Emanuel Navarette seems like he’s the truth in that division after seeing him again. Navarette is a hell of a fighter, but let’s not make the same mistake with him that we did with Dogboe and proclaim him to be “the truth” at 122 pounds after two title fights. Navarette has proven to be a better junior featherweight than Dogboe, who had proven to be the better of Jessie Magdaleno and one no-hoper from Japan. That’s it. Dogboe was still largely unproven as the WBO titleholder prior to facing Navarette, and so is the 24-year-old from Mexico City. Let’s see if Navarette can do more than beat on Dogboe’s ass. Let’s see if he can make multiple title defenses vs. a variety of styles, like WBC strapholder Rey Vargas. Let’s see if he can unify belts, like WBA-IBF titleholder Danny Roman.

I think Isaac Dogboe is still a good, tough fighter but he’s a little small and talks of moving up may hinder him more IMO but best wishes to him. God Bless him. There aren’t any soft touches at 126.

As far as Miguel Berchelt, he did what was expected. Yes, he did. “El Alacran” is the best junior lightweight in the world in my opinion.

Miguel Berchelt lands an uppercut against Francisco Vargas during their rematch in Tucson, Arizona. Photo by Mikey Williams-TOP RANK

I hope Francisco Vargas takes a long recovery and some light touches if he continues on. Yeah, but no matter what he does (apart from somehow downloading Pernell Whitaker’s defensive genius directly into his brain), that tender facial tissue is going to hamper his progress.

What do you make of potential Berchelt opponents?

Berchelt v Gervonta – Classic shootout and a toss-up. Whoever lands the first flush bomb to the whiskers will probably win. However, both 130-pound titleholders are underrated boxers. I give Berchelt the slight edge in this matchup.

Berchelt v Farmer – Nice boxer-puncher vs. ring-savvy boxer matchup. Both beltholders are battle tested and both have guts. I favor Berchelt due to his smart aggression, greater activity and edge in power.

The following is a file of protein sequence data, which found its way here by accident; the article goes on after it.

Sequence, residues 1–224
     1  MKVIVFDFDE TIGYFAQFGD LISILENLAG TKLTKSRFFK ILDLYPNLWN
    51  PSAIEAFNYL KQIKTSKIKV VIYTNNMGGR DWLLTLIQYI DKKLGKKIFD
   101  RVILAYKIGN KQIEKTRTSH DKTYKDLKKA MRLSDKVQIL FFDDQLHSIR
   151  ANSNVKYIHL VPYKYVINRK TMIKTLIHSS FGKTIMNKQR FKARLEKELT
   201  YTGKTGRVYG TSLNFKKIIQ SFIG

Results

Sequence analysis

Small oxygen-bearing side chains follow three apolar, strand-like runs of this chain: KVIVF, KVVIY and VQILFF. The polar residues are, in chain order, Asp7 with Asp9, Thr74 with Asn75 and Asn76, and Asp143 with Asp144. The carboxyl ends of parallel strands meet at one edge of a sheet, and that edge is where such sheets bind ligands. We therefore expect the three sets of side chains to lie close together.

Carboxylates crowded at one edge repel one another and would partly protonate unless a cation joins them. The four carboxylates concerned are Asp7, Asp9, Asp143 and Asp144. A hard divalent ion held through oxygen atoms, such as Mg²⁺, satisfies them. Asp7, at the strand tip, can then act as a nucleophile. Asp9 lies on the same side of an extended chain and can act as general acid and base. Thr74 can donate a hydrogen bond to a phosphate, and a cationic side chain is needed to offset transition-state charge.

Berchelt v Ito (if he wins) – Yeah, bro, don’t count Jamel Herring out. But if Ito defends his WBO belt this month, his showdown with Berchelt could produce a fight-of-the-year candidate due to his pressure/volume-punching style. That style is usually undone (in brutal fashion) by a world-class boxer-puncher like Berchelt.

Berchelt v Loma (135) – Interesting matchup for Lomachenko, who I’d favor to outbox the Mexican (along with pretty much the entire boxing world). Berchelt’s longer reach, heavy hands and lateral movement would make the fight interesting, at least for a few rounds, and his nationality would help pack the arena if the fight landed in Las Vegas, California or Texas. But Loma has to be considered a huge favorite.

 

HURD-WILLIAMS, FEELINGS & THE REMATCH

Dear Dougie,

Hope you’re doing well.

Hurd-Williams. Impressed, you almost called it.

I’m disappointed because Hurd is my guy. The humble hard-working kind with no push behind with the best resume at 154 of the last years.

Great victory for J-Rock, great for him, beautiful story, deserved and great boxing. Composure, inside game, heart, strength, combinations and game plan.

Honestly, I envisioned a Hurd victory (although I had a bad gut feeling). Then a victory over Charlo or Harrison would have cemented him as the best 154 pounder of the last decade (come on, stopping Trout who was all but shot that night, Lara and Harrison? Then J-Rock and Charlo? Who did better and more dominantly recently? P4P worthy).

I know you’re Bread’s friend and I know you were never high on Hurd (so I’m alone in this opinion but hear me out).

On the rematch: 

-I feel like J-Rock pulled the performance of his life. For many reasons/factors. He peaked that night. Never looked that good and he had the perfect game plan and Rocky story. He was on.

-Hurd never took off. Whether it’s the weight, the pressure or anything else (the KD, the crowd, something).

-Williams’ strategy and corner were way better. Hurd’s corner didn’t actually help, that was bad on every aspect.

Now, I know the saying, the more technical dude will always win the rematch blabla.

But in this particular case, because of the room for improvement, because of his style, I believe that out of 10 times a hot Hurd would beat Williams more than he’d lose.

I feel like with the proper game plan, starting earlier with less pressure, a few technical corrections (less head hunting, shorter/sharper punches inside), and being on, he can win.

Basically, I don’t see what Williams (being who he is) can do better than what he did.

I see so many things Hurd (that I’ve been following for 3 years now) can do better.